The newest vaping trend — vaping caffeine


I’m not sure what to think of this, other than the less kids get hooked on nicotine, the better.

Because of the wild success of vaping (e-cigarettes), the latest trend in e-cigs is moving toward vaping caffeine.

Hey, if it makes vaping nicotine less popular, more power to them. Though I wouldn’t considering myself an expert in talking about caffeine, I have no doubt it is considerably less nasty than nicotine. The New York Times describes this as “Red Bull for the lungs.”

A typical cup of coffee contains between 95 and 200 milligrams of coffee. By comparison, caffeine vaporizers contains 2 milligrams of caffeine per puff, meaning you’d have to puff about 50 times to get the same amount of caffeine as a cup of coffee.

Like nicotine e-cigs, the Food and Drug Administration hasn’t set any rules about caffeine vaporizers. In fact, it doesn’t appear the feds have even really studied it. (The FDA is working on final nicotine e-cig regulations … for like two years now.).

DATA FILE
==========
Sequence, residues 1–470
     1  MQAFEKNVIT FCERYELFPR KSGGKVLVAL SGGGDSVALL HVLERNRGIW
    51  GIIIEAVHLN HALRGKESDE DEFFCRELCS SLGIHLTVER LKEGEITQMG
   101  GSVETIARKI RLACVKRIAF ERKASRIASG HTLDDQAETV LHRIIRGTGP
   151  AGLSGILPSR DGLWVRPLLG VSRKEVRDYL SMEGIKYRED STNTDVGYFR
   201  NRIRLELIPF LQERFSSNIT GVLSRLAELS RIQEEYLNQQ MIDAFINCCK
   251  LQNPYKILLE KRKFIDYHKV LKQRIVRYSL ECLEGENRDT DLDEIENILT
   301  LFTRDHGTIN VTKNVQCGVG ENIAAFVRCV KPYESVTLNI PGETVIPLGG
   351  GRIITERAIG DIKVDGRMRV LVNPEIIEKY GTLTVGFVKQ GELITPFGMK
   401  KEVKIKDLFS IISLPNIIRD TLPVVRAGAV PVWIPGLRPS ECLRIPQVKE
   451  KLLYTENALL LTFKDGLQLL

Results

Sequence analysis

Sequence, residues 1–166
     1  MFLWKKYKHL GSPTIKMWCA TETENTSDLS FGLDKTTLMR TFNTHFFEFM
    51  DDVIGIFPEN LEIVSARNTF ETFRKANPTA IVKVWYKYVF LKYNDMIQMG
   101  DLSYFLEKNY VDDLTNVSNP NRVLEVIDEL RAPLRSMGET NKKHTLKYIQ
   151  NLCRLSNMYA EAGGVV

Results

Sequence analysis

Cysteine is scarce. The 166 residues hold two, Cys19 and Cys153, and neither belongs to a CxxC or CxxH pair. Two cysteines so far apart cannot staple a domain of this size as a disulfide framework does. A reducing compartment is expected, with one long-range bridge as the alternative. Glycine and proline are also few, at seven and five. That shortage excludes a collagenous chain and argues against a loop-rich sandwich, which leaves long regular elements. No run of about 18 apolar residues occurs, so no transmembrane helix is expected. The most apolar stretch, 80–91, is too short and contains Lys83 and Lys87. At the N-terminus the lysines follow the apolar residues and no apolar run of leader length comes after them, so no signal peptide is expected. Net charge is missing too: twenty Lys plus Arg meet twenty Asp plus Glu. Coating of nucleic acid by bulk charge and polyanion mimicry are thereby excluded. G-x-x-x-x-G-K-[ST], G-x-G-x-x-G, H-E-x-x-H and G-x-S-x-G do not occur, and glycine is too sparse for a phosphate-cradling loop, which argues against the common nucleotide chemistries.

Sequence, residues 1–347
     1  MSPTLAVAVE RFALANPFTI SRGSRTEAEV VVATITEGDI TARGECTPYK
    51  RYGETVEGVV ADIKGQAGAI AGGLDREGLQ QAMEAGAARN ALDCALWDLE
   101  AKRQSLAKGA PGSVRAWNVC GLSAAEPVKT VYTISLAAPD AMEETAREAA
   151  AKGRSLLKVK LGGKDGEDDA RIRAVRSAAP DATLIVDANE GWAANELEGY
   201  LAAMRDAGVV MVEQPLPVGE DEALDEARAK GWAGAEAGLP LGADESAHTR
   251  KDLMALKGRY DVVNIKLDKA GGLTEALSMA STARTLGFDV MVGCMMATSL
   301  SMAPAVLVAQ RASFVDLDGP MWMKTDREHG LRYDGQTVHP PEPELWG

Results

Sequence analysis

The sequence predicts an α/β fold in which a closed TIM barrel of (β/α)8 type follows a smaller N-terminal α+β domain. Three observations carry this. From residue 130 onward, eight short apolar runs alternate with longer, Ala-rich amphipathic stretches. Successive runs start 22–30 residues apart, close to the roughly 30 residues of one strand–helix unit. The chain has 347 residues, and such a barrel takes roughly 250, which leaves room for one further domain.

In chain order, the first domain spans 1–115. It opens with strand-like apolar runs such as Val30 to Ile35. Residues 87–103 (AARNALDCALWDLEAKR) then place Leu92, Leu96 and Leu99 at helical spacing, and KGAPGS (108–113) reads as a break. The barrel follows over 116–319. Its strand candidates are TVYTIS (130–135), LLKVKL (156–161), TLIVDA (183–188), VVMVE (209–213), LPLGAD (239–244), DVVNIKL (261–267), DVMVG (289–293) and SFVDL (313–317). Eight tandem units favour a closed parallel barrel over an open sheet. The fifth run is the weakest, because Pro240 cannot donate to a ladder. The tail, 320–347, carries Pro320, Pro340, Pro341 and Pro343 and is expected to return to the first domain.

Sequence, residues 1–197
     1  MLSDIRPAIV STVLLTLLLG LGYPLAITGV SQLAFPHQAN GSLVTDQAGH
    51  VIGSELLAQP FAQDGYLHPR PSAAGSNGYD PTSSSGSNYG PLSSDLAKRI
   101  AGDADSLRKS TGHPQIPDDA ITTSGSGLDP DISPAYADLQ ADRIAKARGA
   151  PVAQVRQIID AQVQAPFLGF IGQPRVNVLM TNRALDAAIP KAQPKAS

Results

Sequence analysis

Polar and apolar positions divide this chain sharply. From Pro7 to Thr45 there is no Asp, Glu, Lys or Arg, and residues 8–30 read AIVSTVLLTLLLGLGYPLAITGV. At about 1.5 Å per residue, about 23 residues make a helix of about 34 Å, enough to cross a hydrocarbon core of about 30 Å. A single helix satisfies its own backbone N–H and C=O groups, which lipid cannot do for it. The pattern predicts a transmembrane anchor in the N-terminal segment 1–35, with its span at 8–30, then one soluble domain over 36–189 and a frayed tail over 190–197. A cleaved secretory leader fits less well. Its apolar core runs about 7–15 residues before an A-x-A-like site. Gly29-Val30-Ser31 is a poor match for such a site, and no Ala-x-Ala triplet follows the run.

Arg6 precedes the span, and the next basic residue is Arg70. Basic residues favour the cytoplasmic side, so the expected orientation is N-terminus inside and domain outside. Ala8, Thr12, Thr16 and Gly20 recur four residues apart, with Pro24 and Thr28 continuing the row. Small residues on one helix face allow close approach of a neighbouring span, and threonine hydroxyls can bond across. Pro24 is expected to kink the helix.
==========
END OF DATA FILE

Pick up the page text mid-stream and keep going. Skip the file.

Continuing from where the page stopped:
According to one writer who tried the caffeine e-cigs, the steam tastes like candy and little happened until the 10th puff.  From the New York Times:

In a recent test, I found the Eagle experience a far cry from smoking, or drinking coffee. The first drag on this cigarillo-size plastic tube produced a blue glow from the LED tip, and a mouth filled with a surprising hard-candy sweetness; it felt a bit as if one had been freebasing a Jolly Rancher Cherry Stix.

After the fifth hit, a promising tingle in the fingertips emerged. At 10 hits, it was an official buzz, albeit more the tingly, full-body caffeine glow one associates with Red Bull rather than the brain-focused coffee jolt.



Cigarettes not just bad for your health, they’re bad for the environment

Cigarettes are the most littered item on earth. (PRNewsFoto/DoSomething.org)
Cigarettes are the most littered item on earth. (PRNewsFoto/DoSomething.org)